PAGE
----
SALT LAKE CITY (AP) - Carrying out his sworn duty to uphold the Utah Constitution is becoming a public relations hot potato for Gov. Mike Leavitt.
The sticking point is Article III, which mandates religious tolerance but adds this caveat: ``Polygamous or plural marriages are forever prohibited.''
The early Mormons' practice of plural marriage, renounced by the church in 1890, has persisted among religious splinter groups and hasn't been prosecuted in more than 45 years. Today, there are an estimated 30,000 polygamists in the West.
But an accusation of child abuse against a prominent member of a wealthy polygamist clan has brought that wink-and-a-nod tolerance into question and caught the Republican governor in the middle.
The issue is a political, religious and cultural mine field in a state where 70 percent of the governor's constituents are Mormon.
Leavitt, a descendant of Mormon polygamists, appeared to stumble when asked about the child abuse case at a July 23 news conference. Refusing to flatly condemn polygamy, he suggested that it may be protected as a religious freedom, despite a century of case law to the contrary.
``It's clear to me in this state and many others, they have chosen not to aggressively prosecute it,'' he said. ``I assume there is a legal reason for that. I think it goes well beyond tradition.''
``What needs to be cracked down on, if there is to be such a crackdown, is any abuses of peoples' civil and human rights,'' he said.
Leavitt's comments brought condemnation from a fledgling organization of women who have fled polygamy. Members of Tapestry of Polygamy say the practice of men having more than one wife is inherently abusive.
``As it is practiced, it degrades women,'' said Roweena Erickson, a former polygamist wife and a board member of the self-help group.
``Many women in these relationships struggle with isolation, emotional abuse and poverty,'' she said.
Tapestry's stand was countered last week by the newly formed Women's Religious Liberties Union, which called on Leavitt and the Utah Legislature to repeal the ban on plural marriage.
On Friday, the governor backpedaled from his religious freedom statement, although he stresses that he does not condone polygamy.
Polygamy within The Church of Jesus Christ of Latter-day Saints began in secret among its leaders - founder Joseph Smith had 33 wives - but was openly practiced after the Mormons fled to the future site of Utah to escape persecution.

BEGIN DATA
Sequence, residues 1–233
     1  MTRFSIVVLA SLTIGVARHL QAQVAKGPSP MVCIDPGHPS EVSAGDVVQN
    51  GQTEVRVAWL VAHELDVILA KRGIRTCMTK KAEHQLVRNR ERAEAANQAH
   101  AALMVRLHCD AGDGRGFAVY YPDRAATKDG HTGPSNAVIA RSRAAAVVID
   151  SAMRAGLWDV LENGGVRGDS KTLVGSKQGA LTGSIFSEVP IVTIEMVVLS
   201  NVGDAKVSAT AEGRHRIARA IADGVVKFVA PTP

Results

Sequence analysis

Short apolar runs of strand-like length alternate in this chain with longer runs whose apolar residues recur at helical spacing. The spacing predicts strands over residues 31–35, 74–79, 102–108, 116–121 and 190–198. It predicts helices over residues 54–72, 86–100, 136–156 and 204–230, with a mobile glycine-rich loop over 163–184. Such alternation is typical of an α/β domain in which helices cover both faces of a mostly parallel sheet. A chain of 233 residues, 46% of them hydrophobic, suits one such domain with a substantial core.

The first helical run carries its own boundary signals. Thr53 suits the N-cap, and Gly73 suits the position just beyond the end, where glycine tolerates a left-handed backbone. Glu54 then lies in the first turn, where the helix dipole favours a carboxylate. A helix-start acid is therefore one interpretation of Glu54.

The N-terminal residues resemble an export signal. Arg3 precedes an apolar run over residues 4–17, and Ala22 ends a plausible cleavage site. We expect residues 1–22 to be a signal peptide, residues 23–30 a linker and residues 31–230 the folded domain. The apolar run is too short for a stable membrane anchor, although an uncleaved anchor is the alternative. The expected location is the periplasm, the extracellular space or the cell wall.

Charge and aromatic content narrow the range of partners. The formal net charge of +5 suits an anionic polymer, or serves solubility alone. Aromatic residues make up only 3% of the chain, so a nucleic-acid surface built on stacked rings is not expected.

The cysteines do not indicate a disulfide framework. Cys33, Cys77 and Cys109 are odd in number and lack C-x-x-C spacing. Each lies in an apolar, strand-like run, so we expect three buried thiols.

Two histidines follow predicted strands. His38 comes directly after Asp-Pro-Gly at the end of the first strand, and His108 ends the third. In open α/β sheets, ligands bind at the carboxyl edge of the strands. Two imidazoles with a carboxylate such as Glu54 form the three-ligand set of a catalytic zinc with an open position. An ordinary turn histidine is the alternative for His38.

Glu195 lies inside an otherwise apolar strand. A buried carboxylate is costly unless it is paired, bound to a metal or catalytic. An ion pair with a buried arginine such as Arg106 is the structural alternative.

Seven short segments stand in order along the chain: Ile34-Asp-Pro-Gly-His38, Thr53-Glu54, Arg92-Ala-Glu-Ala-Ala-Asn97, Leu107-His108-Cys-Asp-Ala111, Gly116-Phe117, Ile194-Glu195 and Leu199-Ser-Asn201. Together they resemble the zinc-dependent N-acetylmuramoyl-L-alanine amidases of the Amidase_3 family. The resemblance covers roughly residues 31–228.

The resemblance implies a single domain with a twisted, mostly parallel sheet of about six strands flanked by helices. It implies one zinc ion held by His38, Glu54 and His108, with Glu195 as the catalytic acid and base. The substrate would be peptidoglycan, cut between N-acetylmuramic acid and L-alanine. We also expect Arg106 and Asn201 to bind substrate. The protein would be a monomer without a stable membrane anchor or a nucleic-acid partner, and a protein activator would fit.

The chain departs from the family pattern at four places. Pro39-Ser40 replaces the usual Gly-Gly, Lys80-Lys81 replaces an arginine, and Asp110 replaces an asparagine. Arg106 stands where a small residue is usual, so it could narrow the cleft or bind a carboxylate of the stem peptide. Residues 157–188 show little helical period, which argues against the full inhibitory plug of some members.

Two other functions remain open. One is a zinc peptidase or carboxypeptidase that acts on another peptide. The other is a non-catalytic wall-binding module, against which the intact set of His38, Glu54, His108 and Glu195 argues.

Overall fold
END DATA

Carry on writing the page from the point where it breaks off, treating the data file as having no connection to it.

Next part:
Congress passed tough anti-bigamy laws and the church, under threat of having its assets confiscated, abandoned the practice in 1890. Then Congress insisted the anti-polygamy clause be included in the Utah Constitution when statehood was granted in 1896.
Modern polygamists continue to observe Mormon doctrine and are convinced the church was wrong to abandon plural marriage. The church disagrees; polygamists are summarily excommunicated.
The felony child abuse case involves John Daniel Kingston, a prominent member of a polygamist clan that reportedly has as many as 1,000 members and business holdings worth up to $150 million.
Kingston, 43, is accused of whipping his 16-year-old daughter with a belt after she rebelled against an arranged marriage to his brother. Police say the girl, her uncle's 15th wife, told them all she wanted to do was finish high school. Kingston has pleaded innocent.
On Friday, the governor said that after speaking with prosecutors, he had concluded polygamy isn't pursued in court not because of religious freedom but because - as with fornication, sodomy and adultery - it is difficult to do so.
He cited three reasons: lack of proof, since most polygamous marriages take place in private and are not documented; case law preventing children from being removed from a polygamous home; and higher priorities for law enforcement.
There may be another reason. The last time the law was enforced, when state and federal agents raided a polygamist community in 1952, it became a public relations debacle. Photographs of crying children being dragged from parents' arms and husbands being jailed turned public opinion against the authorities.
The prosecutor in the abuse case against Kingston, Box Elder County Attorney Jon Bunderson, is pragmatic about enforcing the anti-polygamy clause.
``In my 23 or 24 years of doing this, I've never had anyone come in and seek a prosecution because consenting adults are living together.''
Copyright 1998 The Associated Press. The information contained
in the AP news report may not be published, broadcast, rewritten or otherwise
distributed without prior written authority of The Associated Press.
Utah's Current Polygamy Flap
is a Reminder
By Karl Cates
August 14-27, 1 998
Salt Lake Observer
Smart Local News
(c) 1998 Silver King News Corp.
VOLUME I NUMBER VI $1.00
Muffled bene ath all the recent racket over the unseemly practice of polygamy in Utah is what might be the death knell for whatever presidential aspirations Gov. Mike Leavitt holds.